It’s time to better understand the galaxy of channels we use to shop online and in stores. Photo via Pexels

Back in the Paleolithic Age of online marketing — say, 15 years ago — the idea of online sales as a significant business vehicle for brands such as Target or Walmart was almost unimaginable. Shopping meant going to a store, because stores were where sales happened.

Today, people shop with their computers, via watches and phones, even through their refrigerators. Sellers market on multiple platforms, digital and traditional, including the brick and mortar store. Even the glossy catalogues that arrive in the mail still prompt sales.

Advancing technology has made it possible for consumers to shop not only across a staggering number of channels — but to do so in a constellation of ways. Say a shopper has broken down and decided to buy a wildly popular all-purpose pressure cooker. She might start off using the internet to glean product details and prescreen options. Then she might visit a retail outlet to eyeball the product herself. Finally, after mulling for days, she may impulsively whip out her phone to make the order.

But what determines these particular choices of shopping venues? Rice Business professor Utpal M. Dholakia set out to map this new landscape of consumerism. Joining Dholakia were colleagues Barbara E. Kahn of the Wharton Business School, Randy Reeves of Macy’s Department Stores, Aric Rindfleisch of the University of Wisconsin, David Stewart of the University of California at Riverside and Earl Taylor of the Marketing Science Institute.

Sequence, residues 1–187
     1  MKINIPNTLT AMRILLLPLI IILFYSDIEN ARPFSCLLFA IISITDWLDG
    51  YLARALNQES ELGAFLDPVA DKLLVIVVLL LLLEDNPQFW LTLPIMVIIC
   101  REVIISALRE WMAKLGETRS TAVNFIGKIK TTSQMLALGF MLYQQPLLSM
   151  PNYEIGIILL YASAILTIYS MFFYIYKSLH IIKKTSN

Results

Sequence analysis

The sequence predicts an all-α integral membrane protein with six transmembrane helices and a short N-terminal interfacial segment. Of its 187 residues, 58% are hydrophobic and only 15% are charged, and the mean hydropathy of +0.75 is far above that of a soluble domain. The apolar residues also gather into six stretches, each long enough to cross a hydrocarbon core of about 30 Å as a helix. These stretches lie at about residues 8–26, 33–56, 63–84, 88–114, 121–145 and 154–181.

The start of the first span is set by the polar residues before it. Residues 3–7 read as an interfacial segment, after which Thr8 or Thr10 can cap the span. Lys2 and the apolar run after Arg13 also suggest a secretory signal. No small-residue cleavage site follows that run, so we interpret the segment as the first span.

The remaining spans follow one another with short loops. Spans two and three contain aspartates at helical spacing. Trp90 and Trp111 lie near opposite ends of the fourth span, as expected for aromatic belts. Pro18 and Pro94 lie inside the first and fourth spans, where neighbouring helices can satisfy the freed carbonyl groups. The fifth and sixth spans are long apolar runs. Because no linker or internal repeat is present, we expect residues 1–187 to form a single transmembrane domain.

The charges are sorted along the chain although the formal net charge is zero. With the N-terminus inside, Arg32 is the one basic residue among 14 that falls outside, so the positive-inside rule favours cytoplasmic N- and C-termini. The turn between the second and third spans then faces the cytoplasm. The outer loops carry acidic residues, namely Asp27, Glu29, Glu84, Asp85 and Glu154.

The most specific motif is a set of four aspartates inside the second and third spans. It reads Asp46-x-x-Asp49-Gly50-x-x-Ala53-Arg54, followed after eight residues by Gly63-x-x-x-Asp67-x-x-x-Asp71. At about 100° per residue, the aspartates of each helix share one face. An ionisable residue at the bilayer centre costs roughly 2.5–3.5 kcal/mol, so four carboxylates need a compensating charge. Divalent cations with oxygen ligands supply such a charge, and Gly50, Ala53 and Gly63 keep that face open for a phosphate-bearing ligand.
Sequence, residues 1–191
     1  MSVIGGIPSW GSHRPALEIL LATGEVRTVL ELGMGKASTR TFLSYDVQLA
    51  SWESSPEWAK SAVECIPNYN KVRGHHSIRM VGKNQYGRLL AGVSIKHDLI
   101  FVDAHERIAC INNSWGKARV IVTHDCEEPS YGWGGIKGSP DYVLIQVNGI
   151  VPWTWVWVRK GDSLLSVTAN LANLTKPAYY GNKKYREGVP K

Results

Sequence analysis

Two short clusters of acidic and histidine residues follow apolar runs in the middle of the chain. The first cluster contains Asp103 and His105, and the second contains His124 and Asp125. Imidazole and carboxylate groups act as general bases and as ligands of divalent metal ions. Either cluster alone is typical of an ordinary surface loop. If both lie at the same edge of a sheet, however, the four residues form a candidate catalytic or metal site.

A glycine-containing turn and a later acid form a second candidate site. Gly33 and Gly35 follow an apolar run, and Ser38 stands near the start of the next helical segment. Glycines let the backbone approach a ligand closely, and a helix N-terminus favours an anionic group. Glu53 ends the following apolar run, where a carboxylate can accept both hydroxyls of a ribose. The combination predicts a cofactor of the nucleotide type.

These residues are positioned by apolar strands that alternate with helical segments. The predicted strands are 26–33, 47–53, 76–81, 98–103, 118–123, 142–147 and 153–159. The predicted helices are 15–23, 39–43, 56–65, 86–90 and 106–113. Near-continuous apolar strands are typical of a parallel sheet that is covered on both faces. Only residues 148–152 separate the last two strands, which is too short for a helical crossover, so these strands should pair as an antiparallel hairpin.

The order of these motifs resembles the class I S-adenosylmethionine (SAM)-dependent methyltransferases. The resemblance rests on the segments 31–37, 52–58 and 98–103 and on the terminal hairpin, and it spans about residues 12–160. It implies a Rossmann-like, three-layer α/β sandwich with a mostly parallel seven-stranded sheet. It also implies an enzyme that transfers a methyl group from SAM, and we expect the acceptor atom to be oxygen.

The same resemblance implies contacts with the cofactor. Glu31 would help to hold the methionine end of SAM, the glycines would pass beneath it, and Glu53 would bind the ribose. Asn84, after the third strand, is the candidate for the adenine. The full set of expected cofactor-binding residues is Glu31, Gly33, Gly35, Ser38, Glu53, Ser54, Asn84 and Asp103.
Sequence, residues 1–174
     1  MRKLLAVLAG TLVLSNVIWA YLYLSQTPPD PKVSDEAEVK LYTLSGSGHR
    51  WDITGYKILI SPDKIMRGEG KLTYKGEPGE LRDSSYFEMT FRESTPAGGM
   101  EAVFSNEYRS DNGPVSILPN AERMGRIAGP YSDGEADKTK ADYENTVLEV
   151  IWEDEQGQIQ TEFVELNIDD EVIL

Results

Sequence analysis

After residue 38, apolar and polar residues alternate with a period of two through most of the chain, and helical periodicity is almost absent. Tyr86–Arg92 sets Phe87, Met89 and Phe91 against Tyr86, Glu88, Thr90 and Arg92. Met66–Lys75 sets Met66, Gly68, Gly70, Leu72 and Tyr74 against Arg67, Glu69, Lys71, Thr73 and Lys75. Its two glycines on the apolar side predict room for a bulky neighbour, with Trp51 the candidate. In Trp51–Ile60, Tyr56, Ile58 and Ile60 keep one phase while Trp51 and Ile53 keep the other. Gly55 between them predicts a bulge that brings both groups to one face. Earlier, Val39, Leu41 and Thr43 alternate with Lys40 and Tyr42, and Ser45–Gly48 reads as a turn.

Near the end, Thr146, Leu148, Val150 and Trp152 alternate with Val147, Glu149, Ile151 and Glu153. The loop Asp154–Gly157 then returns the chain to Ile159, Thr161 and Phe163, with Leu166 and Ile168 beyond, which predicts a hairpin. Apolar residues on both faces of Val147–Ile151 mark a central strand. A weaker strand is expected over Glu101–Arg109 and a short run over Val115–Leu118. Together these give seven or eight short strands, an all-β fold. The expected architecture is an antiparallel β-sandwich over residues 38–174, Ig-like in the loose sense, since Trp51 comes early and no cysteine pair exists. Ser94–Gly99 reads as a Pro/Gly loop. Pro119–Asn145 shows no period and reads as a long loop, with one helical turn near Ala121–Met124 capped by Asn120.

Consumer behavior, the researchers knew, is too complex — too all-over-the-map — to develop any sort of quantum marketing theory to explain it. So while interested in answers, the team aimed instead to frame useful questions. Their goal was to bring attention to the multi-channel retailing environment, creating a comprehensive but flexible way to investigate how shoppers navigate the intricate modern marketplace.

More specifically, Dholakia’s team wanted to learn exactly what consumers are finding. What do they do while using various internet and other tools to shop? When do different types of shoppers grab their devices and buy? What obstacles crop up as shoppers wend their ways through this maze of venues? Finally, the researchers wanted to map the vast scope of research issues surrounding this customer behavior.

It was fairly simple to answer the first question: Why do we use such diverse shopping tactics? Usually, it’s about getting the best deal. Some people, however, take their shopping seriously, savoring the idea that they are approaching their task both thoughtfully and thoroughly. Others get a genuine thrill out of the social experience of being part of a community, or from experimenting with different products and ways to buy them. And some shoppers head straight to a certain website or media source because they expect a specific price tag.

Many consumers, Dholakia and his co-researchers found, constantly change the means they use to shop. In one survey of 337 multichannel shoppers, for example, the researchers found that 52 percent reported migrating back and forth from offline to online channels across four product categories including books, airline tickets, stereo systems and wine. This hopscotching from brick and mortar to catalogues, to online and back, could be predicted by certain factors including price, the product they were looking for, how they evaluated the product and even waiting time.